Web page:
There are many persons in the classroom
There are many people in the classroom
There are many persons in the classroom
Are "people" and "persons" interchangeable? Thank you.
Alright, this is an interesting case. If you want to sound natural, most English speakers would say, "There are many people in the classroom." "There are many persons in the room," would sound odd and formal, and indeed wrong to some ears, and I would advise against using it in almost all contexts. This is what your teacher was getting at when she corrected you. However, technically speaking, 'persons' is actually correct, and 'people' is wrong in this case. 'Person' is the singular form of the noun and 'persons' is the plural. One person, two persons, three persons, etc. 'People' is the singular form of a different noun, and 'peoples' is its plural form. One people, two peoples, many peoples. Properly speaking, 'one people' refers to one community/nation/group. 'Many peoples' refers to several such communities.
Strunk and White agree, as evinced by this passage from The Elements of Style (3rd Edition):
The word people is best not used with words of number, in place of persons. If of "six people" five went away, how many would be left? Answer: one people.
Note: The thing about six people is there to show why 'people' should not be used for the plural of 'person'. That is, when used consistently, it's clearly wrong. One people is not left. If one people were left, there would be many persons left, because 'a people' is a group of people. One person is left.
However, in conclusion, it is extremely widely accepted even in very formal writing and probably effectively almost correct to use people for the 'plural' of 'person'. The only time you really hear 'persons' is in crime shows and stuff, like if someone were to say "drugs were found on their persons," where 'persons' is referring to their bodies, to say that drugs were found in someone's possession.
I would say, "There are many people in the room," unless my paper were being graded by William Strunk Jr., in which case I would use 'persons'. But with the state of cryogenics these days, I don't think that's likely.
Yes, but people is more common
E teoría y muy en teoría, debe ser "a lot of", many y much , negativa /interrogativa. En éxamenes se lo marcan como incorrecto.
Es decir, no debes usar many en afirmativa, si no, luego se lía la cosa.
You are probably being corrected because "persons" does not sound natural in this context. "Persons" would be used in a more formal document, say of a legal nature, or perhaps in a contract.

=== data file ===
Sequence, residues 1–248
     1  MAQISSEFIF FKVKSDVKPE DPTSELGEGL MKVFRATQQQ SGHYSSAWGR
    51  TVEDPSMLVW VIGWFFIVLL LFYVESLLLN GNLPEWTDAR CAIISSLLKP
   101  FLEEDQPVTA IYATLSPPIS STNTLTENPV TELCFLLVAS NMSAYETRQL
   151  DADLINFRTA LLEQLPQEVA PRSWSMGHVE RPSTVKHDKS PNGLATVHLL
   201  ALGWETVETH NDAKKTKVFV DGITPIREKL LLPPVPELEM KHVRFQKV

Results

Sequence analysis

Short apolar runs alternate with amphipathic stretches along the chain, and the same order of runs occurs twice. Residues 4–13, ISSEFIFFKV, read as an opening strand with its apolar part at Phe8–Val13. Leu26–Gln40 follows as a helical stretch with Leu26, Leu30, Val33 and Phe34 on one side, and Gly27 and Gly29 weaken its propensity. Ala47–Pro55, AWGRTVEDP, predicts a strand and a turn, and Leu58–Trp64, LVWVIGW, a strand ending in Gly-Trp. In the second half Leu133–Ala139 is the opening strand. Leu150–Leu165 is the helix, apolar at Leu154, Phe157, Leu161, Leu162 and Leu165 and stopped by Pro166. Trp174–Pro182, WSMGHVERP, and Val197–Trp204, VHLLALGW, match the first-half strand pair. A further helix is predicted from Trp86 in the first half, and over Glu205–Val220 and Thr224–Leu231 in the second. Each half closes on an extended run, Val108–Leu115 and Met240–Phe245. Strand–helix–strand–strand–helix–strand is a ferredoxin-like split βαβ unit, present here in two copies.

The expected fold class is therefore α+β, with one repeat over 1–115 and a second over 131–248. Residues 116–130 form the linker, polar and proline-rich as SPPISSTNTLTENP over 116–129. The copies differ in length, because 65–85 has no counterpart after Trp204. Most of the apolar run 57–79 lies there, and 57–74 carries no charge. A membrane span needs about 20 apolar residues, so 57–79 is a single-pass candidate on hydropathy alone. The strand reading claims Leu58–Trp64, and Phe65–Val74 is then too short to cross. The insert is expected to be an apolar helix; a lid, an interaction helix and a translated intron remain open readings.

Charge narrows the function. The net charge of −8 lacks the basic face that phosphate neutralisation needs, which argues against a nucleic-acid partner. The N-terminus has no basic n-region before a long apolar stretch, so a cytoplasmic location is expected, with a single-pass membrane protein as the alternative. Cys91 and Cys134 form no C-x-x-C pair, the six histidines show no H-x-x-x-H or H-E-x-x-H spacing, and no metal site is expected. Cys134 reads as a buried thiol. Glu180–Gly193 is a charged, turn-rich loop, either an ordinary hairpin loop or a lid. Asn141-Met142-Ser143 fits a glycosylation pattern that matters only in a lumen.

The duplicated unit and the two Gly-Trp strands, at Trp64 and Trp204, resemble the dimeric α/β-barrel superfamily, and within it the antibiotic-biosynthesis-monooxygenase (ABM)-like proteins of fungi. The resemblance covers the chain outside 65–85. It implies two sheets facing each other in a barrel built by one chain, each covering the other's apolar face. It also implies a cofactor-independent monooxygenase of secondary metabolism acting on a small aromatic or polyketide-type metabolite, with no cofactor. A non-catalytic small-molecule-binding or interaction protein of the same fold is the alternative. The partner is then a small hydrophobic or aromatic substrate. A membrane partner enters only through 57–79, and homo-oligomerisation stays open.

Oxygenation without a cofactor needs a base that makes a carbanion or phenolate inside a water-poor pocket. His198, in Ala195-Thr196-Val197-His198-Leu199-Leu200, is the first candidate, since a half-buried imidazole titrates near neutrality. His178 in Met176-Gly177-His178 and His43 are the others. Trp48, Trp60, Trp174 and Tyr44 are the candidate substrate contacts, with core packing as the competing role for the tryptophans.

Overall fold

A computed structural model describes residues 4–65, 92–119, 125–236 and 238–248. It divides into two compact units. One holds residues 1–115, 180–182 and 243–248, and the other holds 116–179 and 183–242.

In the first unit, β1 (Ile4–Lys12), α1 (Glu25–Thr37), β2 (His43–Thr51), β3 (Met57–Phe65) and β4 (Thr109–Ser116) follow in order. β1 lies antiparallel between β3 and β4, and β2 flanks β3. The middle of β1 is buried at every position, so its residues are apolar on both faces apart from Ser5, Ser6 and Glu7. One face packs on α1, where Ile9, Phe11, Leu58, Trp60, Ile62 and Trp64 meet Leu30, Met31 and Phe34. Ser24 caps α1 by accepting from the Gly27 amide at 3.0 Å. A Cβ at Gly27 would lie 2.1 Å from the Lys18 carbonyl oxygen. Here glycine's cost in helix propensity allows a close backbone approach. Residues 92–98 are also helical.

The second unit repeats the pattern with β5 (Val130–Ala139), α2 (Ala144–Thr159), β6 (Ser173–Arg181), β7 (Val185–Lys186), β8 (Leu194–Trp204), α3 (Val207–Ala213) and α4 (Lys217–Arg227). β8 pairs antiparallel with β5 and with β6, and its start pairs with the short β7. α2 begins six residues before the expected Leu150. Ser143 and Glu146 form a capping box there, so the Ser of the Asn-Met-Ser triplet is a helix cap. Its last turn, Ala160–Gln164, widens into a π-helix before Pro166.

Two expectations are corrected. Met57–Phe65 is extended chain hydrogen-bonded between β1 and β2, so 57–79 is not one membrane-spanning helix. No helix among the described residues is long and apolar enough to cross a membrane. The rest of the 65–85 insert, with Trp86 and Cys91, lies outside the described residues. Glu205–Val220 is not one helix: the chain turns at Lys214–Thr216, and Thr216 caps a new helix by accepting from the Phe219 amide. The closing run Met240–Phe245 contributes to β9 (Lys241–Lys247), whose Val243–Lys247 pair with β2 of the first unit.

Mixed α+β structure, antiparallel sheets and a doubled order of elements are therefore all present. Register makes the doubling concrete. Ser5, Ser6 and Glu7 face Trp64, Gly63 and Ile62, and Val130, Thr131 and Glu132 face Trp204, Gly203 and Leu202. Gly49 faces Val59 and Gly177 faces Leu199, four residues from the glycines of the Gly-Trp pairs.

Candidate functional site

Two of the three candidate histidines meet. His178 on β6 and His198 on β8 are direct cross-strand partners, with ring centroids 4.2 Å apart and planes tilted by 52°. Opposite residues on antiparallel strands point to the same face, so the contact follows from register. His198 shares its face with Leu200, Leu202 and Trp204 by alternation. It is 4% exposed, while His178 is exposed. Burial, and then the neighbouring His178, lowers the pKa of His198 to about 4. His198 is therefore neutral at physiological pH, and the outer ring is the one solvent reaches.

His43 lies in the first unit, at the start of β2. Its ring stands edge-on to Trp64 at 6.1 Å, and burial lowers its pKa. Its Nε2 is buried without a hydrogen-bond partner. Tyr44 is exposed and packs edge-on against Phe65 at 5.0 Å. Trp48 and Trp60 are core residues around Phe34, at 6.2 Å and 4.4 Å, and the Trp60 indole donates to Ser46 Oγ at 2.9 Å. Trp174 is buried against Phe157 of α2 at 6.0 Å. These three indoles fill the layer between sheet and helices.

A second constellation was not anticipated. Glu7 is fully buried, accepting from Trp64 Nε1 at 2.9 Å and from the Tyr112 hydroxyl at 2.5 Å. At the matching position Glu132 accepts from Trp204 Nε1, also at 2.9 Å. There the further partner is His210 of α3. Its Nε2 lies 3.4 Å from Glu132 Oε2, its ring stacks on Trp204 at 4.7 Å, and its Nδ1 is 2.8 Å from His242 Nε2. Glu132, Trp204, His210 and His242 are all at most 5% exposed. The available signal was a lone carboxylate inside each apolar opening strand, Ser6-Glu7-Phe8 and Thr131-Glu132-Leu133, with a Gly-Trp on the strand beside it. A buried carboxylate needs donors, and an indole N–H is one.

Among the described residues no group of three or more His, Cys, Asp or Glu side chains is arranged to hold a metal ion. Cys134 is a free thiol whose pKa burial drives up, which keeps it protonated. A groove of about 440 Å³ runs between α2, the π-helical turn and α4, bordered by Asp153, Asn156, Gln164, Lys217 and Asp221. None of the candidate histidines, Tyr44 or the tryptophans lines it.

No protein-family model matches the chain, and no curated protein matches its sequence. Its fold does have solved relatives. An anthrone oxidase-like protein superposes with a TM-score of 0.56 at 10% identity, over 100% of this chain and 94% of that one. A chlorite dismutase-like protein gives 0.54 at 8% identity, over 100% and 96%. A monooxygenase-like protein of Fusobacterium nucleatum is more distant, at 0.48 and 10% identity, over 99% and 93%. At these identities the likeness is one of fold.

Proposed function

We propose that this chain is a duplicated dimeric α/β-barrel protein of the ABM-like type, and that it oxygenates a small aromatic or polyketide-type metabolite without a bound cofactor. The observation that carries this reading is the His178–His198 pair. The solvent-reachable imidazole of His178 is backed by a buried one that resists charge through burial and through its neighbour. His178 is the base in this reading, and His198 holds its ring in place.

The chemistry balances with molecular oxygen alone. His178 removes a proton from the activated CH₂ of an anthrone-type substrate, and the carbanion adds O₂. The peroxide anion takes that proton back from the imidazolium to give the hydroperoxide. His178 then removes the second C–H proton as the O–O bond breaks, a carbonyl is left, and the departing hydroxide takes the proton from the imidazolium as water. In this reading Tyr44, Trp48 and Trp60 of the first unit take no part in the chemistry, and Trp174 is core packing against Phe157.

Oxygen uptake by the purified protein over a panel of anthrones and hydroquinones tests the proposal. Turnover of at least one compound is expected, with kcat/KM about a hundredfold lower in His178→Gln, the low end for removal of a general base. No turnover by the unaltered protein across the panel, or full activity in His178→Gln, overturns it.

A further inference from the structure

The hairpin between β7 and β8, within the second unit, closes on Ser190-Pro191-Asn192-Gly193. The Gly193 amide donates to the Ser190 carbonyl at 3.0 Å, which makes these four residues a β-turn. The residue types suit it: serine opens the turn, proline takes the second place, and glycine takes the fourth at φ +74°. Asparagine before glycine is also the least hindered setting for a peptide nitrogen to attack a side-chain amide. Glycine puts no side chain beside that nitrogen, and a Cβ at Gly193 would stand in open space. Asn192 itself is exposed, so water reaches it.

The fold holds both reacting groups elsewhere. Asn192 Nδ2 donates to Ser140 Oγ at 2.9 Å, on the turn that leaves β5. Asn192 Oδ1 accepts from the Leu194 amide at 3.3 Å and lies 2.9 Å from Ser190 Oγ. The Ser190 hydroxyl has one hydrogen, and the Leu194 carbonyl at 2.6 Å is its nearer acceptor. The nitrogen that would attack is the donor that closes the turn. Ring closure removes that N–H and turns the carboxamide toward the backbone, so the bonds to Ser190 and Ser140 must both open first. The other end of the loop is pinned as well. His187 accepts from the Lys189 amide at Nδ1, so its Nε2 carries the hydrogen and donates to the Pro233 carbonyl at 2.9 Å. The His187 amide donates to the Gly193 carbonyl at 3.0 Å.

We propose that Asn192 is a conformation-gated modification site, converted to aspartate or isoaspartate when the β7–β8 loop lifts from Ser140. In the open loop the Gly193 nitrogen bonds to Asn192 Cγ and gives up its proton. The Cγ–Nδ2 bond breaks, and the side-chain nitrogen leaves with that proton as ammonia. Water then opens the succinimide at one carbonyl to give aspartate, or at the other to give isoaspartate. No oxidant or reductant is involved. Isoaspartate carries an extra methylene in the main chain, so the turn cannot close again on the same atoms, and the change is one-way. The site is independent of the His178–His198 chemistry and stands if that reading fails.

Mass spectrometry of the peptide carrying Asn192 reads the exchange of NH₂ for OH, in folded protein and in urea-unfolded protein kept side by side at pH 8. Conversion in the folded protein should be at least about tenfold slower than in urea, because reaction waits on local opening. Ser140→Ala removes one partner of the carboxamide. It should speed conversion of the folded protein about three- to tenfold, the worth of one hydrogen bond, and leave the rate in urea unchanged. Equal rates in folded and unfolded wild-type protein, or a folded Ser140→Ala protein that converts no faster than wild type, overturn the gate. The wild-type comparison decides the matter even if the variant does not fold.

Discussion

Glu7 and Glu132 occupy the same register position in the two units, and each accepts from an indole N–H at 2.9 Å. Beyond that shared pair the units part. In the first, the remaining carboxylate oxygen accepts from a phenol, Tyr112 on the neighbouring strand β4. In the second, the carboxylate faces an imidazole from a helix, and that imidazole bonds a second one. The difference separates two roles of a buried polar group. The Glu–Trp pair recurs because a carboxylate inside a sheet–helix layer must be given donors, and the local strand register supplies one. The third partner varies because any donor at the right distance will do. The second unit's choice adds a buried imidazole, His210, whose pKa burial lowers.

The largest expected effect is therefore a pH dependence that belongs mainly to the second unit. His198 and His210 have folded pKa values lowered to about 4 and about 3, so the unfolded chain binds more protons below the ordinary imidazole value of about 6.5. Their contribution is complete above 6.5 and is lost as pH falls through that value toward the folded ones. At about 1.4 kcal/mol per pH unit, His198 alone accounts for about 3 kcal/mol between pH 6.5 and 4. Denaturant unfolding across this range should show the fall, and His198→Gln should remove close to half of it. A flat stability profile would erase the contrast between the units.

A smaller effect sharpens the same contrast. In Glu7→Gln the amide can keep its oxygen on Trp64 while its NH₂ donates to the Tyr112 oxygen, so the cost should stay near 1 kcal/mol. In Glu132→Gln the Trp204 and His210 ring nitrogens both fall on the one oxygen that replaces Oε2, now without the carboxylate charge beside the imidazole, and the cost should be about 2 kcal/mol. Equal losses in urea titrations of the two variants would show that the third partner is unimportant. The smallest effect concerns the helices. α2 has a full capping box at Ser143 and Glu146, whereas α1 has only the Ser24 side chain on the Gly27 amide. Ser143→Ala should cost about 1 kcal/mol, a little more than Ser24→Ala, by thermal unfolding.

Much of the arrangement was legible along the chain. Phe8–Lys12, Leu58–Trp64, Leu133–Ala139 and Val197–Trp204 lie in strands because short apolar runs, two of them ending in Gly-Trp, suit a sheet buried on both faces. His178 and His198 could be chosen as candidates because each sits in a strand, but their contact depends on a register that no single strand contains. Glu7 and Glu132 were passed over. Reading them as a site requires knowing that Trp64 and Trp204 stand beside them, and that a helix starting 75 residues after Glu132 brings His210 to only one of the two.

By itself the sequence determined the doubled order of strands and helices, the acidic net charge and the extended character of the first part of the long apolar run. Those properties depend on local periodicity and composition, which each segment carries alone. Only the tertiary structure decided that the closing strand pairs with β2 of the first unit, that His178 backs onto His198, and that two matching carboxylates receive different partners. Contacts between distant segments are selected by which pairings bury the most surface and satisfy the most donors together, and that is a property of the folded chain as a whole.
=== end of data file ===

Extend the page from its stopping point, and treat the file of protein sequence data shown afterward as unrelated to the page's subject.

When the word "persons" is used in regular speech, the word is usually "person's" or showing possession, which is not the same word at all.
Although the example you used might be grammatically correct, you would never hear it said this way.
In this context you should use, "There are many people in the classroom." Persons is not correct here. Hope that helps.
"People **or persons**" BUT please see below
Collins English Dictionary and Thesaurus (Concise edition) says:
"People is the word usually used to refer to more than one individual: 'there were more than one hundred people at the reception'. Persons is rarely used except in official English; 'several persons were interviewed'."
You would normally say in English: There are many* people in the classroom (formal)
or there are lots of people in the classroom (informal) or there are a lot of people
An alternative word for many is **numerous*** and can be used in place of the word many
In summary, nobody likes "persons". As a pure guess, it isn't used because "a person" is somehow an individual and the notion of, for instance, a classroom full of individuals, when you have only had a quick glance at them, is difficult to accept. In practice, "Persons" is a somewhat hypothetical word that dictionaries include, not because anyone ever uses it but because it somehow must exist. The truth, as everyone has said here, is that "people" in the sense you are using is the true, working, accepted plural of "person".
Now. as Heidita says, in this case few people would say "many people"; they would use either "lots of people" or "a lot of people" (please do not expect me to judge between these).
The only common, daily use of "many people" is to home in on a selection of people who do, believe or possess something in common. A A Milne, the creator of Pooh Bear, in his poem "The King's Breakfast" shows you this when he writes "Many people nowadays eat marmalade instead". Try searching for "many people" and you will find that "many people nowadays" is actually the majority use although there are plenty of instances of "many people think/eat/say etc.".
I have a problem with "persons" because when I wrote "persons" my teachers corrected it and put "people" instead. Why?. I have seen "persons" in the dictionary. That does exist. I don't see the problem.
To my knowledge, they have become interchangeable. In the case that you have above, I would prefer the word "people," but that is just my own personal hang-up. lol